It makes pardoning Nixon look downright legitimate. You have an interesting idea, but when you think it all the way through, I have to disagree.

          "I feel a lot safer already."--Emil Sitka

          by DaddyO on Tue Feb 02, 2010 at 01:05:43 PM PST

          [ Parent ]

          •  By that logic, (0+ / 0-)

            it would have been better for the Ford administration to just bury Watergate through DOJ opinions exonerating burglars and perjurers rather than to pardon Nixon.  Maybe you also remember all the people back then excusing it by saying, oh come on, all presidents do this kind of thing.  

            There's a distinct difference between a Democrat pardoning a Republican past president and a Republican unelected successor pardoning his former Republican boss, with the implicit suggestion that there was some kind of secret deal.  The first looks, politically, magnanimous, while the second looks corrupt.  So the political risk isn't that great.

            Ford didn't suffer that much for it.  He ran for election (can't call it reelection, can we) two years later in 1976 against Carter in the wake of one of the worst Republican scandals in history, Watergate, as well as stagflation, and yet he nearly staged a complete comeback near the end.  

            There's also the issue of DOING THE RIGHT THING; the issue of damage to Obama's showing in the polls from a pardon is less relevant in that light.  I would prefer a full prosecution, but even a pardon would be better than what we have now, because it would allow the justice system to at least express its incompatibility with the policy of torture and unconstitutional actions.  That is something that will last longer than Obama.  Right now, the precedent set is very bad, and not worth whatever political calculus they may have made.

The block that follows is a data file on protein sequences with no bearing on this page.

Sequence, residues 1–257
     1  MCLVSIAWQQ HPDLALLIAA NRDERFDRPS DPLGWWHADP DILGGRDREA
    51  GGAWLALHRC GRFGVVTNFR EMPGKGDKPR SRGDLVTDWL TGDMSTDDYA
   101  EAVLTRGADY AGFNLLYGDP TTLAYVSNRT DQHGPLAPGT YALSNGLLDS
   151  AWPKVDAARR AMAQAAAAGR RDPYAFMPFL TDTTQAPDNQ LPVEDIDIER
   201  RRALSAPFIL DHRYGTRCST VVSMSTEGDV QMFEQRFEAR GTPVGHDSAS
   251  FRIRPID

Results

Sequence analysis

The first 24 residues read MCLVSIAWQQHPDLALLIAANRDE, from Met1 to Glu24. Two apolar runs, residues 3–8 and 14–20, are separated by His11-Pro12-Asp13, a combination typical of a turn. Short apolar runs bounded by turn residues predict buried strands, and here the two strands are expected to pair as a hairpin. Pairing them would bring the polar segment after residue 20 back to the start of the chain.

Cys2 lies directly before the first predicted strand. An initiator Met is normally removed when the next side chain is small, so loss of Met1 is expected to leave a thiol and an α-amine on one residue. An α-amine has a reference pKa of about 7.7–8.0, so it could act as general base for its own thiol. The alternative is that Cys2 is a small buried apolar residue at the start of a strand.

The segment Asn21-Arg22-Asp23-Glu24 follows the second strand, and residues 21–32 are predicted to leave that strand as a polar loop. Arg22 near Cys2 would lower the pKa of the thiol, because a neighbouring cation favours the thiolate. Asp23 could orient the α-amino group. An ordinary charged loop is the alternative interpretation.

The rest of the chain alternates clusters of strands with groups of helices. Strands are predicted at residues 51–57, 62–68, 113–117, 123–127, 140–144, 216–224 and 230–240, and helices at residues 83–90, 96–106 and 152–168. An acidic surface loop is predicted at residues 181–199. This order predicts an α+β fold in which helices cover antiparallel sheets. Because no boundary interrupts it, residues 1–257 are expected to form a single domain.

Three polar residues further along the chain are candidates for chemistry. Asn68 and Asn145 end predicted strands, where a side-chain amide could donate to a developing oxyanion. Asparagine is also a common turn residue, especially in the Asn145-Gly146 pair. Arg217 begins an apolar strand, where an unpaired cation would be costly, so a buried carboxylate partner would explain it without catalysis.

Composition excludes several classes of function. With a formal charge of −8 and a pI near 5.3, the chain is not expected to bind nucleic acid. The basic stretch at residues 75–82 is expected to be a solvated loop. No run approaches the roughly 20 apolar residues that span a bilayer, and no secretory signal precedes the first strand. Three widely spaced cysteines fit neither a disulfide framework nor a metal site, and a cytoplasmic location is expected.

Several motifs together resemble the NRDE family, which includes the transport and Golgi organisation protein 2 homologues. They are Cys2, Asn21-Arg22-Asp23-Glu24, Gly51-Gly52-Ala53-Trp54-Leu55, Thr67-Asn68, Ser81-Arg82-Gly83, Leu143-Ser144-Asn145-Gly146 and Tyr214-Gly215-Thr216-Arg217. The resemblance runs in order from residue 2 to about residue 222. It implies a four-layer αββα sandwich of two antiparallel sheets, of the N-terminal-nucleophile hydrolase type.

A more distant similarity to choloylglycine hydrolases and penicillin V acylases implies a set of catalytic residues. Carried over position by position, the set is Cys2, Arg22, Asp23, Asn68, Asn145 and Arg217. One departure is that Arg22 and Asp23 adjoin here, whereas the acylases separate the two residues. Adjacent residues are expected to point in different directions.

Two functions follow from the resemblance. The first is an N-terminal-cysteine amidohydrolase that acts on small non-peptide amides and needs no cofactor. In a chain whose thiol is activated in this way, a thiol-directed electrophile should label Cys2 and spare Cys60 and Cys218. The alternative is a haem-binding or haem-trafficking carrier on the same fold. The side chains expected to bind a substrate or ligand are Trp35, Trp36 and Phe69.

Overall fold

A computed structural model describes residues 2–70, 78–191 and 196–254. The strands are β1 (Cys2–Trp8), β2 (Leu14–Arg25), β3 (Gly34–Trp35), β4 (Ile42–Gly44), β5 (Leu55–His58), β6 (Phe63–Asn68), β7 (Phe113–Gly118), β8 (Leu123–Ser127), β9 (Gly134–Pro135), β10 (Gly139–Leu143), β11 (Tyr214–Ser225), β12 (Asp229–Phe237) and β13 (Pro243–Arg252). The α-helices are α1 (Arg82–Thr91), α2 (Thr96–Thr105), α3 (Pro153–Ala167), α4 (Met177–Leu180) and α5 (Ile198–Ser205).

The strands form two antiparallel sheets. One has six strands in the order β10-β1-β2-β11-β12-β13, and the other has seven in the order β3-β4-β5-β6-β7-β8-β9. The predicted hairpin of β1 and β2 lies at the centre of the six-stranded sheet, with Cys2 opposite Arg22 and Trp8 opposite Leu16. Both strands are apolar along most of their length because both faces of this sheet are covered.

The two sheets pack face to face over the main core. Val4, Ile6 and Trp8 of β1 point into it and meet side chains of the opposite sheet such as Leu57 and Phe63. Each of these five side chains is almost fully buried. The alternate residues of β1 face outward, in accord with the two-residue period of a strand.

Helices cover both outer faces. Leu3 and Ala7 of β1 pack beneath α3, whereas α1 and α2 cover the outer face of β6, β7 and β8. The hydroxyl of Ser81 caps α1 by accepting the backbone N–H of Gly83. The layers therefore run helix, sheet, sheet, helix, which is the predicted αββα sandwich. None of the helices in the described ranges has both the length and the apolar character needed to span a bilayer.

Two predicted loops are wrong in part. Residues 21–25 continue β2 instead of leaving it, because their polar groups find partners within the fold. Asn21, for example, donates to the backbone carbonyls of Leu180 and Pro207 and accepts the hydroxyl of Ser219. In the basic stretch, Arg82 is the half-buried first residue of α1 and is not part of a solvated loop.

•  How about an investigation? (0+ / 0-)

        We're not even getting THAT.

        If an investigation led to real evidence of crimes committed, how can you possibly tell me that at the very least a slim majority would NOT want Obama to prosecute these criminals?

        At the beginning of the year, that's how it was being spun. Holder AND Pelosi were going to begin their investigations, and they would lead to wherever they would lead to...a 'natural' unraveling of the neocon crimes, not a 'political' witchhunt, etc.